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Dr Philip Booth

Former Research Student

Philip Booth

Thesis Title

Thietmar: Person, Place and Text in thirteenth-century Holy Land Pilgrimage

Research overview

My principal research interests lie in the areas of travel and religions cultures in the High Middle Ages (1000-1300). This combined interest manifests itself primarily in a fascination with pilgrimage, specifically Christian Holy Land pilgrimage, but also more generally the expansion of European travel in the thirteenth century to places such as the Middle East, Inner Asia and China. I am also interested in the developing spirituality of the period, particularly the way in which thinking about Christian Orthodoxy revolved around ideas of the Body. 


My PhD thesis, focused on a single pilgrimage account of the thirteenth-century, namely Magister Thietmar's who travelled to the Holy Land between 1217 and 1218. It investigated the way in which ideas about Person, Place and Text (a conceptual framework derived from the Anthropology of Christian pilgrimage) interacted. It looked at how pilgrimage texts were constructed, how stories were transmitted from East to West (or vice versa), at interactions between Latin Christians and both Orthodox Christians and Muslims, and at the extent to which the experience of pilgrimage was pre-determined by cultural expectations relating to the places visited by the pilgrim.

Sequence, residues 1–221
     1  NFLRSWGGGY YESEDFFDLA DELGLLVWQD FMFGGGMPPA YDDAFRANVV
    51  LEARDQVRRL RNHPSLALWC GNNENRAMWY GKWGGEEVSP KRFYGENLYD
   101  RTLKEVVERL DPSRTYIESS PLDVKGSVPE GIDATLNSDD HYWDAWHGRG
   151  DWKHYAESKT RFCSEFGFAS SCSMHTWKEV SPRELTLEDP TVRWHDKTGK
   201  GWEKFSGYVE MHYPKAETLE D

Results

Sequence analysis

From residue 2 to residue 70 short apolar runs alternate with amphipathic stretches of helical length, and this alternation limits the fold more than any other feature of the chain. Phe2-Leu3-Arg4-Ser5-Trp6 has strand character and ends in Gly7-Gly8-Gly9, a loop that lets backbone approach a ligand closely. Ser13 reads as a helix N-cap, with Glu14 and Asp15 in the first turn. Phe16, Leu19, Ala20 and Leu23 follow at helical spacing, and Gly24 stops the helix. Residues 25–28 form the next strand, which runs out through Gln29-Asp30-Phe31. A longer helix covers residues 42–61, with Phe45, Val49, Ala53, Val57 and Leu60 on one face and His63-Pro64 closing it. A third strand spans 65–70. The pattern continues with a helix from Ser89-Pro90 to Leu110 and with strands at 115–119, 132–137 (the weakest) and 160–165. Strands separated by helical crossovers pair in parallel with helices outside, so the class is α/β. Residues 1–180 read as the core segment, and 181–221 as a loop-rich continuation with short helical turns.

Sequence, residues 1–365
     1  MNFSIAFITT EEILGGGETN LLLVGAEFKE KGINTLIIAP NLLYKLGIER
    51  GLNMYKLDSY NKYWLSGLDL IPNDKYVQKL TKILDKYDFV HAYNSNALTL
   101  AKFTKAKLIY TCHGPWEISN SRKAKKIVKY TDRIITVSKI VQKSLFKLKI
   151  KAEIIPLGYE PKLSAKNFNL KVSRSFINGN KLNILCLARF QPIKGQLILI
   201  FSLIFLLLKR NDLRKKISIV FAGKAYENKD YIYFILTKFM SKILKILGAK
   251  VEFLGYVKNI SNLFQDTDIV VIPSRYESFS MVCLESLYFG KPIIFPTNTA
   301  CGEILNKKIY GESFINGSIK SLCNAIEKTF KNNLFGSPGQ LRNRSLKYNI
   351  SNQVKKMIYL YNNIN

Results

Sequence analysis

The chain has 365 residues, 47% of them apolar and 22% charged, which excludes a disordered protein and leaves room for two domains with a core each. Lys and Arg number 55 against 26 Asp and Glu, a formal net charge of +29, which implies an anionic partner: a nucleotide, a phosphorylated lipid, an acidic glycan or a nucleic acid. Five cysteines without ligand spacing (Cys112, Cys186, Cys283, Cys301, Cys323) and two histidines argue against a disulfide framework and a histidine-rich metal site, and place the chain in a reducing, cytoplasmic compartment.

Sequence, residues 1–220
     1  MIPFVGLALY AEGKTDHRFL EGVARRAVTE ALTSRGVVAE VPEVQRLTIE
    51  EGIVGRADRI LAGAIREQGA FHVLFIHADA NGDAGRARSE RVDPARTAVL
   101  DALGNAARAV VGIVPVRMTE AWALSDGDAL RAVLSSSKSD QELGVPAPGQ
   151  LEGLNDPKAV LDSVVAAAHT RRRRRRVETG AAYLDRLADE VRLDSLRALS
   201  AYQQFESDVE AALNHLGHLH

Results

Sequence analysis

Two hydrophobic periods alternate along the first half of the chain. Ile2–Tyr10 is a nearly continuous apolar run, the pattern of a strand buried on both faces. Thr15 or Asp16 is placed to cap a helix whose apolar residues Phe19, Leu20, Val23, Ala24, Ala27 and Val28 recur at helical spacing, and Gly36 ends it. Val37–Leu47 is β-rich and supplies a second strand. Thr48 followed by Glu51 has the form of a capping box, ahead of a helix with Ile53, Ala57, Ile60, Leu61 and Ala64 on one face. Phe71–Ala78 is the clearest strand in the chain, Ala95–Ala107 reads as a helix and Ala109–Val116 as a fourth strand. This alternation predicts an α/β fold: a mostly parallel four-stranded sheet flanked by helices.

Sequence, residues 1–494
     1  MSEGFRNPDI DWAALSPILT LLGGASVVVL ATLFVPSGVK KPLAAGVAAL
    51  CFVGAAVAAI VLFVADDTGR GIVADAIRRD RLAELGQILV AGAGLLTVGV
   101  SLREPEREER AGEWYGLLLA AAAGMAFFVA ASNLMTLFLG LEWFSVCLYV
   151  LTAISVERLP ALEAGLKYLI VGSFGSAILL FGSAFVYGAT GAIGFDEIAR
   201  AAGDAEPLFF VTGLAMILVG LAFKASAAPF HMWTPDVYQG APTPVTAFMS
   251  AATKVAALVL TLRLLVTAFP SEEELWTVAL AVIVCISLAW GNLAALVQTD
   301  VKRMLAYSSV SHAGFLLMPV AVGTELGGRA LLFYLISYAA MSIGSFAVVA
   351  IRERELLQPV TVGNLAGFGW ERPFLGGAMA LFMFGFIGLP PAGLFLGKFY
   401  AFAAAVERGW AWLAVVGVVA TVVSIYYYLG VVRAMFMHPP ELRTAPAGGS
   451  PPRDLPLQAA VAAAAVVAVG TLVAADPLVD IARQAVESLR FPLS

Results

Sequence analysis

This research was funded by the AHRC and supervised by Prof. Andrew Jotischky.

Having completed my PhD, I am currently working on a new edition of the text of Thietmar and in the initial stages of two new projects. One looks to analyse a corpus of medieval miracles from the monastic shrine of Saydnaya in conjunction with two miracles from 2004 and 2011 repsectively looking at the didatic continuties between these miracles. The other seeks to explore similarities between a number of travel accounts, written between 1250 and 1350, from numerous geographical contexts from the Travels of Marco Polo, to the Rihla of Ibn Battuta and the writings of Rabban Bar Suama. The aim of this research would be to see how travellers from different cultures reacted to meeting each other and how they expressed these reactions in their writings.  

Career Details

I am currently working as an Associate Lecturer in the History Department responsible for the teaching the Part II Crusades module as well as working on other MA and UG courses.

I also teach at the Universtiy of Birmingham on their first year medieval survery courses.

I completed my MA in history at Lancaster University in 2011 and my PhD in 2016.

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